Secondary causes of osteoporosis

Mayo Clin Proc. 2002 May;77(5):453-68. doi: 10.4065/77.5.453.


Secondary causes of bone loss are not often considered in patients who are diagnosed as having osteoporosis. In some studies, 20% to 30% of postmenopausal women and more than 50% of men with osteoporosis have a secondary cause. There are numerous causes of secondary bone loss, including adverse effects of drug therapy, endocrine disorders, eating disorders, immobilization, marrow-related disorders, disorders of the gastrointestinal or biliary tract, renal disease, and cancer. Patients who have undergone organ transplantation are also at increased risk for osteoporosis. In many cases, the adverse effects of osteoporosis are reversible with appropriate intervention. Because of the many treatment options that are now available for patients with osteoporosis and the tremendous advances that have been made in understanding the pathogenesis and diagnosis of the condition, it is important that medical disorders are recognized and appropriate interventions are undertaken. This article provides the framework for understanding causes of bone loss and approaches to their management.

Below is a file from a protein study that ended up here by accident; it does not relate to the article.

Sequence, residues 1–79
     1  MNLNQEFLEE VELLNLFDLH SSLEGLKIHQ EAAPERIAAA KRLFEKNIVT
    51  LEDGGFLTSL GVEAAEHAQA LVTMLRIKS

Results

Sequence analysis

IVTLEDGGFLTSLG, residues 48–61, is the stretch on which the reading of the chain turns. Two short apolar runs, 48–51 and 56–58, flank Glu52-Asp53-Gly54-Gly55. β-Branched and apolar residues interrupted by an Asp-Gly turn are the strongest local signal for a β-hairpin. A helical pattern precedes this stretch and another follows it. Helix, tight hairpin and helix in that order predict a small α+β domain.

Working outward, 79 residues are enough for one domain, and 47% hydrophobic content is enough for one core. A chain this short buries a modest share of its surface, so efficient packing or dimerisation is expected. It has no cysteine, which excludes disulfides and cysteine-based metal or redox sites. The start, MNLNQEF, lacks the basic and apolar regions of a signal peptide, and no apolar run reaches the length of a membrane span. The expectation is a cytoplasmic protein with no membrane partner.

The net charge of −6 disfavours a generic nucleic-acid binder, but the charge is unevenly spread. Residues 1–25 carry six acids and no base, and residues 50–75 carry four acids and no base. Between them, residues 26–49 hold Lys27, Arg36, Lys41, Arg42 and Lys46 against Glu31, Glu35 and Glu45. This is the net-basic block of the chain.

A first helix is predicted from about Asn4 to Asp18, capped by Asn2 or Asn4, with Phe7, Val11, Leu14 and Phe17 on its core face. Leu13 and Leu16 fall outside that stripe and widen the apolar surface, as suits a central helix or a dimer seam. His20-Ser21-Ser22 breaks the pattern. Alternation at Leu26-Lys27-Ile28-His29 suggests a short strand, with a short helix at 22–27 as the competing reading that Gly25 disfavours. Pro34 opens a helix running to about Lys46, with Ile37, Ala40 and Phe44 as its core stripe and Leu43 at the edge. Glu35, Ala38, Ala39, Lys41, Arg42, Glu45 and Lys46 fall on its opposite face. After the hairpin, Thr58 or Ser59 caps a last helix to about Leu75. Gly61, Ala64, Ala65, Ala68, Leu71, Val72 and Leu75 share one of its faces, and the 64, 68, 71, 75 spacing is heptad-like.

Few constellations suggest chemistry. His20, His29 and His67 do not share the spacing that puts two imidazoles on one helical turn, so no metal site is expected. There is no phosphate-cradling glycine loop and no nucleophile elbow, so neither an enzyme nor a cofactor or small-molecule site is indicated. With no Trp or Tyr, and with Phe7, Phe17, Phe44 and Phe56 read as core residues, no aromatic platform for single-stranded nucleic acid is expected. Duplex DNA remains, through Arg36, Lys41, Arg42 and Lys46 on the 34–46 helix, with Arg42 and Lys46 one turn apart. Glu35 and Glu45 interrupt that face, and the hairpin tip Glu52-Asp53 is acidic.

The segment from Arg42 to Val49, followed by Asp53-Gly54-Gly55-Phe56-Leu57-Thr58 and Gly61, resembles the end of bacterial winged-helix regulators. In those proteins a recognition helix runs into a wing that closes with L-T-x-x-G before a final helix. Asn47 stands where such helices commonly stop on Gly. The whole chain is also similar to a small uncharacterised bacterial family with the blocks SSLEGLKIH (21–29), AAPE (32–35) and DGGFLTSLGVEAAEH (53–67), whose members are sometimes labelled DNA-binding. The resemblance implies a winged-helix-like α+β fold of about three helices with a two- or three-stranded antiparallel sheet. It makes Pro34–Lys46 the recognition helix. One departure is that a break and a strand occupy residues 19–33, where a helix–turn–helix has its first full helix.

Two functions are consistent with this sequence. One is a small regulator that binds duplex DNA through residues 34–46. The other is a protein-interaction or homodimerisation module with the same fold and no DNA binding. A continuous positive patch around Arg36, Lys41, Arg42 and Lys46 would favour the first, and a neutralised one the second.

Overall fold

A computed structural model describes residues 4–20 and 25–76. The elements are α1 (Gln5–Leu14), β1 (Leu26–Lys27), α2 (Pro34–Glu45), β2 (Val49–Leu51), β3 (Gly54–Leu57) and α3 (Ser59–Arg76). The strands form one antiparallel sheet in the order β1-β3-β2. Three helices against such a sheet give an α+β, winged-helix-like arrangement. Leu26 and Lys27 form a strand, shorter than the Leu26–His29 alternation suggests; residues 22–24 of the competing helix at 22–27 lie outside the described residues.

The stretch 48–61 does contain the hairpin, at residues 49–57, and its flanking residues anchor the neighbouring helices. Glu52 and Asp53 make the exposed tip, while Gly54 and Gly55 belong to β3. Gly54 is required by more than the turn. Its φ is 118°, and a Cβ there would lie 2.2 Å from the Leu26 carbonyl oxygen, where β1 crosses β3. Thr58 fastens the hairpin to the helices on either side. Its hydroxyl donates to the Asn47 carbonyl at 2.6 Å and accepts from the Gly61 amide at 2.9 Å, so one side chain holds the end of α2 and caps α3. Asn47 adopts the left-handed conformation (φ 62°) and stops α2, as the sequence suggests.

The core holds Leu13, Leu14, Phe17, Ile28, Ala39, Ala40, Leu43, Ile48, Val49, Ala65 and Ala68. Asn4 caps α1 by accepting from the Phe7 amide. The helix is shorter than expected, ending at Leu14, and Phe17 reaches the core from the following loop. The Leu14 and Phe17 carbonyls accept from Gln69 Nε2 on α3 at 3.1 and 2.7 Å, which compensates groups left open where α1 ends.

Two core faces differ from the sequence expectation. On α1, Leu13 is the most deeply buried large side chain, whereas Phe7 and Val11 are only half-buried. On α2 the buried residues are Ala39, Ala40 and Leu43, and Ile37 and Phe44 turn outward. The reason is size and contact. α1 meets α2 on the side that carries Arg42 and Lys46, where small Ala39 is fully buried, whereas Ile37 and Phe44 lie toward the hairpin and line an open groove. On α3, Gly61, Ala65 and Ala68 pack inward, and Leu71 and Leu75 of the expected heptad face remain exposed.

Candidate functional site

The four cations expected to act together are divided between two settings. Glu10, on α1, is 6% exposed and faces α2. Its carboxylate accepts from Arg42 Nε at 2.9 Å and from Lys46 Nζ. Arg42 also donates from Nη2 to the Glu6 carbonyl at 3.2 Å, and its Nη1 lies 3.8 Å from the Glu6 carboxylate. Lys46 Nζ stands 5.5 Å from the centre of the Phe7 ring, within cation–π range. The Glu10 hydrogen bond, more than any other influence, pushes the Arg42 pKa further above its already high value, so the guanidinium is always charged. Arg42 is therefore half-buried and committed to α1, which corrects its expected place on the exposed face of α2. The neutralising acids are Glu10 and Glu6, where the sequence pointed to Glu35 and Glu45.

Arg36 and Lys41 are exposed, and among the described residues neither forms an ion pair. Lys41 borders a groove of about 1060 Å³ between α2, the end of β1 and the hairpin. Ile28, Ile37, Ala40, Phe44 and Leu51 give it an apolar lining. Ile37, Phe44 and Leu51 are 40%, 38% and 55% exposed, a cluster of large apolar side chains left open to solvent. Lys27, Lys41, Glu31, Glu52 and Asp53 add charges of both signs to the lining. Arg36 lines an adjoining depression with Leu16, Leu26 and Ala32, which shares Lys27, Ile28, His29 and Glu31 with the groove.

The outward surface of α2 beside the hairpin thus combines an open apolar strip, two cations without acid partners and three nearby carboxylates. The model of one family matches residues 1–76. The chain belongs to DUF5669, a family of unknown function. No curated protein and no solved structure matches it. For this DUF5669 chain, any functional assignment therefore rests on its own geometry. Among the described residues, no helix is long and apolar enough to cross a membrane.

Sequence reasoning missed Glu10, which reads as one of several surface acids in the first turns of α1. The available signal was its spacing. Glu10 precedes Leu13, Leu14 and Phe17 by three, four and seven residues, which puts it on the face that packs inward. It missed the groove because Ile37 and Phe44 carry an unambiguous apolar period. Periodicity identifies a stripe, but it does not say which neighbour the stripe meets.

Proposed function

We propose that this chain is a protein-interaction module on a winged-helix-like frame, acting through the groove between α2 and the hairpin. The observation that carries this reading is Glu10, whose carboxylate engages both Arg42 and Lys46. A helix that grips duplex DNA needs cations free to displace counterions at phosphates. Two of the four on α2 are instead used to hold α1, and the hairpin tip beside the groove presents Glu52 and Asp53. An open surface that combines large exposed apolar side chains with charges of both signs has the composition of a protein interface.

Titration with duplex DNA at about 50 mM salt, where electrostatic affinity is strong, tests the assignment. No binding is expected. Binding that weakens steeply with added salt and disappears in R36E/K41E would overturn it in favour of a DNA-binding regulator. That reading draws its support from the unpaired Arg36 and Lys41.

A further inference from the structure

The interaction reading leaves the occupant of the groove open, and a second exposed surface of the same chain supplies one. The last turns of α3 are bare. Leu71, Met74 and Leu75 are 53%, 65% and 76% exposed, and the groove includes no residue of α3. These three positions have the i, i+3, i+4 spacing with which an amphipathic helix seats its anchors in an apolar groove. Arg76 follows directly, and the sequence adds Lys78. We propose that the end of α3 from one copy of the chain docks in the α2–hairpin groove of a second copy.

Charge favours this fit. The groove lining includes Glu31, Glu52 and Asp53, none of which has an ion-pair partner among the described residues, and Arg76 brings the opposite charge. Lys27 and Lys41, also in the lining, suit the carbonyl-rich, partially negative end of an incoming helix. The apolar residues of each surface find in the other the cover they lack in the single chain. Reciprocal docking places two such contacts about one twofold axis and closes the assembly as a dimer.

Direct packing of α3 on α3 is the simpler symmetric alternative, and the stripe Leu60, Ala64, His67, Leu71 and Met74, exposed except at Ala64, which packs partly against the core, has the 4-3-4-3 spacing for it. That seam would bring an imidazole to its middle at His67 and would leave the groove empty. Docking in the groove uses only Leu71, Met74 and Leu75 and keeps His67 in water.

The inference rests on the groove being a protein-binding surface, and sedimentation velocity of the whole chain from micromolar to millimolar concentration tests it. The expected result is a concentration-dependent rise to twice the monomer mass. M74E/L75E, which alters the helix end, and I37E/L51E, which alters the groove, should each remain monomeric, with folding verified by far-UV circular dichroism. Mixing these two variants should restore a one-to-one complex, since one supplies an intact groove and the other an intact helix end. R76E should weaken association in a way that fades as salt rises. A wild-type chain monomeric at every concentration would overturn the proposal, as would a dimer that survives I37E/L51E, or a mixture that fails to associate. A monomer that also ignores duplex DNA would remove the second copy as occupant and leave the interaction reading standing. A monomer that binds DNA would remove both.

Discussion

Publication types

  • Review

MeSH terms

  • Diabetes Mellitus, Type 1 / complications
  • Drug-Related Side Effects and Adverse Reactions
  • Endocrine System Diseases / complications
  • Female
  • Gastrointestinal Diseases / complications
  • Humans
  • Hypervitaminosis A / complications
  • Immobilization / adverse effects
  • Kidney Diseases / complications
  • Male
  • Neoplasms / complications
  • Nutrition Disorders / complications
  • Organ Transplantation / adverse effects
  • Osteoporosis / etiology*
  • Osteoporosis / prevention & control
  • Osteoporosis / therapy
  • Osteoporosis, Postmenopausal / etiology